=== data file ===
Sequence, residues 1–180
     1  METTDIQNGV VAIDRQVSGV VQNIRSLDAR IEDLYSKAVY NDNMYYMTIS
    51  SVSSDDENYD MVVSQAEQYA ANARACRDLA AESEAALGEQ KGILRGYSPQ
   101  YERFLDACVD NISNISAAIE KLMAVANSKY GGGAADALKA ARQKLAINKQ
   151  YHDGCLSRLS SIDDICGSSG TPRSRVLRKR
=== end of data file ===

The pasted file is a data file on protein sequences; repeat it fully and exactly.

Sequence, residues 1–180
     1  METTDIQNGV VAIDRQVSGV VQNIRSLDAR IEDLYSKAVY NDNMYYMTIS
    51  SVSSDDENYD MVVSQAEQYA ANARACRDLA AESEAALGEQ KGILRGYSPQ
   101  YERFLDACVD NISNISAAIE KLMAVANSKY GGGAADALKA ARQKLAINKQ
   151  YHDGCLSRLS SIDDICGSSG TPRSRVLRKR